Books

On the Real Altamont and the Fake Rolling Stones

Still from Gimme Shelter (1970)

Joel Selvin’s new book digs deep into the seventh circle of rock music’s hell.


Altamont: The Rolling Stones, the Hells Angels, and the Inside Story of Rock's Darkest Day

Publisher: Dey Street
Length: 368 pages
Author: Joel Selvin
Price: $27.99
Format: Hardcover
Publication date: 2016-08
Amazon

It took me a moment to warm up to Joel Selvin’s Altamont. For starters, the Maysles brothers made a terrific, horrific documentary about the tragic events already. An audience member got knifed by a Hells Angel during a Rolling Stones concert; what else did I need to know?

As it turns out, I needed to know a lot. Selvin’s book is broken into three parts: before, during, and after. The first part approaches the decision to hold the concert with excruciating slowness. Though it was a fun look behind the scenes of the Stones’ touring process, nearly 100 pages go by before the concert moves from ideation to any actualization. But the blame game is best played in hindsight with the aid of seriously investigative reporting, and I was hooked by page 50.

Selvin finds faults large and small with basically every person who laid a hand on the concert, as well as a number of people who wanted nothing to do with the show and should’ve laid their more experienced hands on it. He portrays the Stones as grossly negligent, particular Mick Jagger, who was at the helm of the band’s business choices at this time. The band was badly in need of money and pushed their US ticket prices through the roof. In response to media questions pressuring for lower prices, Jagger first pled ignorance of the high costs and then promised to deliver a massive unspecified freebie. “Of course they were doing it for the money, but they couldn’t be seen as doing it for the money” (50). The freebie would ideally take the shape of the many free shows put on by the Grateful Dead down in the Haight.

Their relaxed hippie cooperative was game to lend a hand, but they were not at all accustomed to taking the reins of a substantial event meant to have the same high-end production as the Stones’ regular touring gigs. Personalities quickly emerge in direct proportion to how fast the organization of the show crumbles. “Everyone had an opinion and none of them were aligned -- the counterculture eating its own once again” (108). Beset by unsavory characters looking to cash in on the Stones’ enterprise, the organization becomes a hydra with nine heads and no actual management or authority. What at first seemed like weak pacing of the book turns out to be one of its best assets as the slow crawl of Selvin’s pages toward the concert date is still much too fast to give any false promise of the concert’s possible successes. Long before part two, when the sun finally rises on 6 December 1969, readers are clear that this event is a descent into hell.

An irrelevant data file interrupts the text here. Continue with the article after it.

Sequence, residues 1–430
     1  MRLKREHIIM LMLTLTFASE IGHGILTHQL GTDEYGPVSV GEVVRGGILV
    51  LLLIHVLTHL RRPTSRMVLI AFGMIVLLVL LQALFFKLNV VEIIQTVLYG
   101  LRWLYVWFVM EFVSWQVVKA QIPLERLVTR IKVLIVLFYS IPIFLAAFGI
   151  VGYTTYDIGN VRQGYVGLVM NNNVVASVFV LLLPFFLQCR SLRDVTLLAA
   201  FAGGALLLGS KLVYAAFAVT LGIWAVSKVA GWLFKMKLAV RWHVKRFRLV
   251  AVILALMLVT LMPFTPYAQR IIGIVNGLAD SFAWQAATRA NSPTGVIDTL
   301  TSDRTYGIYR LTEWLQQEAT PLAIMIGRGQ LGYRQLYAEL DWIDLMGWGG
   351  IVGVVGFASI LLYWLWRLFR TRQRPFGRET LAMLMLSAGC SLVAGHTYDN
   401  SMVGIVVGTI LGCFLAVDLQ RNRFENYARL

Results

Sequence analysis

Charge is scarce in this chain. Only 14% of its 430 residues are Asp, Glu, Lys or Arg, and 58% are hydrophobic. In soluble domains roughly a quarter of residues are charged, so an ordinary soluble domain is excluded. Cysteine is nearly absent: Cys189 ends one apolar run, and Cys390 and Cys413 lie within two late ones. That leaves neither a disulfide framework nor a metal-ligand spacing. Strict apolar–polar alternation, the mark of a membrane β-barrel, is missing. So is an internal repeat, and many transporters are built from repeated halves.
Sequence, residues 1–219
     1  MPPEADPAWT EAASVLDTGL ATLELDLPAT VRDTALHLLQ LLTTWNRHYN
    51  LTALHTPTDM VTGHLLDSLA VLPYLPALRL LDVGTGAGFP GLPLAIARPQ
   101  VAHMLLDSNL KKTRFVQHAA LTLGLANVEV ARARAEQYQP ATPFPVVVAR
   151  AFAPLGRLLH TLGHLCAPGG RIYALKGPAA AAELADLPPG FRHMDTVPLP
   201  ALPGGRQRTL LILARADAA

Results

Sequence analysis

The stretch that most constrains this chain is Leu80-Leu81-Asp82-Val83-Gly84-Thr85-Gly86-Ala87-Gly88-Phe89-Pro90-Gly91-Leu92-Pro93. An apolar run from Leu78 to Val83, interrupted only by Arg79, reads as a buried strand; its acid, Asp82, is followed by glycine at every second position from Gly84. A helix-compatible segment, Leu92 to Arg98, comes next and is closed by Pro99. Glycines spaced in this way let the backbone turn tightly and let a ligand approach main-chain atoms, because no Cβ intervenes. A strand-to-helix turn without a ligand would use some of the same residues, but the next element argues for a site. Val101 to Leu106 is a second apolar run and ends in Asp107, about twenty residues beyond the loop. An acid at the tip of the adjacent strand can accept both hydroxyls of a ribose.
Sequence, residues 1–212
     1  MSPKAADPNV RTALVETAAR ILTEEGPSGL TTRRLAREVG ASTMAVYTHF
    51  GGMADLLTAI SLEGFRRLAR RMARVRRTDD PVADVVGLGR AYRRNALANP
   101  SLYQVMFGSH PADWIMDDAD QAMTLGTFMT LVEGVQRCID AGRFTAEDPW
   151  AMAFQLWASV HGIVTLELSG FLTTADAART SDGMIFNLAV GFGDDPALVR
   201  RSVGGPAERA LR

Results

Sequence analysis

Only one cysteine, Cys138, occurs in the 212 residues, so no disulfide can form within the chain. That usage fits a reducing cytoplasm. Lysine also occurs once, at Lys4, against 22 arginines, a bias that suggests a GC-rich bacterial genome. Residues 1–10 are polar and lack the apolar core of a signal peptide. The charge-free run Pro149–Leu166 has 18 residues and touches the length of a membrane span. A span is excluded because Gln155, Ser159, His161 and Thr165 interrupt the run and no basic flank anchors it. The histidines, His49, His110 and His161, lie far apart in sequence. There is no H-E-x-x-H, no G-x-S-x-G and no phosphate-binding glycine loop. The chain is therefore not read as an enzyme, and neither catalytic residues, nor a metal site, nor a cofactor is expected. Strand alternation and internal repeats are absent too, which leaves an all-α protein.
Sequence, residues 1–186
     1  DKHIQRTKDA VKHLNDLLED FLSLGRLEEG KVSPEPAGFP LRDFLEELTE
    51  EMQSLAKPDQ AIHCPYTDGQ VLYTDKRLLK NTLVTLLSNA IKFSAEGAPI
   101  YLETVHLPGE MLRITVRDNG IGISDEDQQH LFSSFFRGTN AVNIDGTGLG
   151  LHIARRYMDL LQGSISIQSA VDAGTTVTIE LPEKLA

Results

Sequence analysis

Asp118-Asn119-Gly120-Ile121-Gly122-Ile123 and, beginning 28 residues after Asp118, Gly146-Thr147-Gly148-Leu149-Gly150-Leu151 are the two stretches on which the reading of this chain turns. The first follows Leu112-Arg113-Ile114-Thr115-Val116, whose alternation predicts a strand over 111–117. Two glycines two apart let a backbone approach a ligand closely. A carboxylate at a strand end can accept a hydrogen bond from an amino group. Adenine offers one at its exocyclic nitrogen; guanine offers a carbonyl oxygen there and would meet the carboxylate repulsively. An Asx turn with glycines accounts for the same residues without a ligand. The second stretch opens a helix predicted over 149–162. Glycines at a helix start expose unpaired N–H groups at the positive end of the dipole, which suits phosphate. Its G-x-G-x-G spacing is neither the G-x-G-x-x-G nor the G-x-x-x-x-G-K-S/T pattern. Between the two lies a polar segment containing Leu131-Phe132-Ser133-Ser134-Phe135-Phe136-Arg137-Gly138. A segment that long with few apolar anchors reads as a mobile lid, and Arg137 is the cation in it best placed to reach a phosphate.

There are three kinds of distinctions made during the exposition and rising action that are highly valuable to a more nuanced understanding of what took place. First, Altamont is always compared unfavorably to Woodstock. Where Woodstock is generally considered the epitome of the Summer of Love, Altamont symbolizes the end of that era. Selvin unpacks this major assumption both by undermining the alleged quality of Woodstock’s event production and by generously construing the Altamont motives of most everyone other than the Stones as having been modeled on Woodstock.